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The Woolworths decision on the 'No Sugar' Coke is all about market saturation of sugar-free drinks

Christian Petersen/Getty Images

The refusal by Woolworths to stock Coca-Cola “No Sugar” is all about market saturation of sugar-free soft drinks, according to industry analysts IBISWorld.

The soft drink, launched last month, is the beverage giant’s biggest product launch in a decade and will replace Coca-Cola Zero from early next year.

Woolworth’s reason: It’s customers are already swamped with choice.

Shares in Coca-Cola Amatil, whose profits are being hit by changing tastes in Australia, are down more than 2% today to $8.98.

Australians are moving away from traditional flavoured fizzy drinks and toward still and energy drinks.

“The nation’s largest supermarket (Woolworths) cited already ample low and no-sugar cola options, including Coke Zero, as its primary reason for not stocking the new product,” IBISWorld says.

“Coca-Cola Amatil launched the product in early June 2017, giving away two million cans of the new beverage. The company has also undertaken an extensive free-to-air advertising campaign.”

IBISWorld says Coca-Cola Amatil is repositioning its no-sugar cola offering to stimulate renewed demand, following a profit downgrade as prices and sales volumes have fallen for the company’s Australian Beverages business.

Its new “No Sugar” product is intended to be positioned as a healthier alternative to Coca-Cola Classic, with a flavour said to be closer to its classic cola than Coke Zero.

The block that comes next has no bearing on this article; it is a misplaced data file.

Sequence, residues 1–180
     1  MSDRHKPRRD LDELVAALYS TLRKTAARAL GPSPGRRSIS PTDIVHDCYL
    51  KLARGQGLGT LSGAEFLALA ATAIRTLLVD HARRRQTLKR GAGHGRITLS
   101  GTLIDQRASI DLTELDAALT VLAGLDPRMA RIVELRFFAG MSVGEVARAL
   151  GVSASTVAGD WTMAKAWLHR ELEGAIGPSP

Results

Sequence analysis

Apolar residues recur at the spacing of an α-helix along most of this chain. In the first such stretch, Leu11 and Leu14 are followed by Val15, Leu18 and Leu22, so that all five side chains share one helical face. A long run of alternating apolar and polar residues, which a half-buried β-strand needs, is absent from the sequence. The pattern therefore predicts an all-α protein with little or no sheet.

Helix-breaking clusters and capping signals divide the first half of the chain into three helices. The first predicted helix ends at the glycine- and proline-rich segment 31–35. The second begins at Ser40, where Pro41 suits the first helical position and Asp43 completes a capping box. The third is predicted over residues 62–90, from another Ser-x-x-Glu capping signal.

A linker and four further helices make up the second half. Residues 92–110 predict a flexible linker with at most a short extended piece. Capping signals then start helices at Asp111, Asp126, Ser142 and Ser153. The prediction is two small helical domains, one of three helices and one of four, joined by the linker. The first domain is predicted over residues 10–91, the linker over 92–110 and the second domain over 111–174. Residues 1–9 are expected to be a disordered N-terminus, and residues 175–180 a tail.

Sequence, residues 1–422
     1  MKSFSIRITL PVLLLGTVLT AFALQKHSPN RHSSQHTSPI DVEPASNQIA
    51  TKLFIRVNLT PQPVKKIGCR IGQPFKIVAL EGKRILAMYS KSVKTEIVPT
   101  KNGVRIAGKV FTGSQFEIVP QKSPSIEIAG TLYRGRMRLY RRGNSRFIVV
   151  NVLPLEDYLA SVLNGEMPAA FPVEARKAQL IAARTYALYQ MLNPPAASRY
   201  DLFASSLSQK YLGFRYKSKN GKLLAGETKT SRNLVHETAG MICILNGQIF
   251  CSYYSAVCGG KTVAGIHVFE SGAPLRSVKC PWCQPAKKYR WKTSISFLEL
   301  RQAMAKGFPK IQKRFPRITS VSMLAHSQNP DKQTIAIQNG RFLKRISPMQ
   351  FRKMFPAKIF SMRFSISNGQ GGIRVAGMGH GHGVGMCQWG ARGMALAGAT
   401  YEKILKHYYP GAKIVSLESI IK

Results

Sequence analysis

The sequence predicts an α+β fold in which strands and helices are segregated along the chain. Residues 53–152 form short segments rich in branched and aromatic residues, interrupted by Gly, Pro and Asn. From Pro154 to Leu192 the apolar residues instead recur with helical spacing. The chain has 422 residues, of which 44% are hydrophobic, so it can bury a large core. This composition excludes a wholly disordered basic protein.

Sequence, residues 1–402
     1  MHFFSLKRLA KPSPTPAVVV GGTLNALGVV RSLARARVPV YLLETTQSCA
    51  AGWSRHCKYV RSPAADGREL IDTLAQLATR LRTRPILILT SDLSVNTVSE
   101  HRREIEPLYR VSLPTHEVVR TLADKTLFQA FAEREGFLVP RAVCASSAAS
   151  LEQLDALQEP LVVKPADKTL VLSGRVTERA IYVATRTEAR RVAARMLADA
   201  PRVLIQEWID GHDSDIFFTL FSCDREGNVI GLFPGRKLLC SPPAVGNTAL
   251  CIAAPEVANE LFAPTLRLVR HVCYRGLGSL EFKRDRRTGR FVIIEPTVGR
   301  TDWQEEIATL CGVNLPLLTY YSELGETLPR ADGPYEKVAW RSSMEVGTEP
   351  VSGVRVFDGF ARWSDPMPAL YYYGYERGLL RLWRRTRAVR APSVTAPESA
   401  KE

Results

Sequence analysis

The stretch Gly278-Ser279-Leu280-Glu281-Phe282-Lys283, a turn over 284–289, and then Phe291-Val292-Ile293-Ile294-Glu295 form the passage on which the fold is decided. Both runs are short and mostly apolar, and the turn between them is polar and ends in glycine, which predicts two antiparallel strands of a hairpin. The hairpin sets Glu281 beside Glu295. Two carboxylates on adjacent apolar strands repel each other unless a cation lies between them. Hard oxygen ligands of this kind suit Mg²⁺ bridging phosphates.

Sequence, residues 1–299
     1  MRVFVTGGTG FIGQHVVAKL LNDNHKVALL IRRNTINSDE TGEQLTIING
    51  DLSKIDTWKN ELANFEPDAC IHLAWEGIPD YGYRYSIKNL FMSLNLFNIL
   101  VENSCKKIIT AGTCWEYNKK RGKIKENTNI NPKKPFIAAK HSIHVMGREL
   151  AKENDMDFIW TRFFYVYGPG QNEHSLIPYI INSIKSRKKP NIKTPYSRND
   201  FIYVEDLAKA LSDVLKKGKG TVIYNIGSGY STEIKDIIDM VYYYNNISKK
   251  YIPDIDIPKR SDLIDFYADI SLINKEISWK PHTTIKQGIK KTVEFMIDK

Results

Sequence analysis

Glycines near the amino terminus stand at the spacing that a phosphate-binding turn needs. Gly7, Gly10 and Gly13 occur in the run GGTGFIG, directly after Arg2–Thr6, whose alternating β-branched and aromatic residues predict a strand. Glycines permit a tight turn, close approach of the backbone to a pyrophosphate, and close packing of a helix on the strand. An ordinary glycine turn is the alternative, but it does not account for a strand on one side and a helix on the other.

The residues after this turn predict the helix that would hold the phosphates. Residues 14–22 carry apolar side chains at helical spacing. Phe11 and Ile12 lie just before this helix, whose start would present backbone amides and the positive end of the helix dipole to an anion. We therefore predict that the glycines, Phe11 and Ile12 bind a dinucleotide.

“Operators in the soft drink manufacturing industry have struggled with rising health consciousness as most soft drink products are perceived as unhealthy,” says IBISWorld.

Here’s how IBISWorld sees demand dropping at supermarkets as community health awareness increases:

Coca-Cola Life, which had 30% less sugar than traditional Coca-Cola, was launched in April 2015.

However, low sales resulted in this product being discontinued early this year.

Coca-Cola Amatil then released Coca-Cola with Stevia to draw greater attention to its low sugar content, which is 50% lower than its standard classic drink.

IBISWorld expects industry revenue to grow by a subdued annual 0.2% over the five years through 2017-18 to reach $4.2 billion.

The analysts expects an expansion of private-label offerings and rising health awareness to weigh on growth in industry revenue as consumers either shift to lower value products or alternative beverages.

“However, the rising popularity of higher value energy and sports drinks will likely
provide growth,” IBISWorld says.

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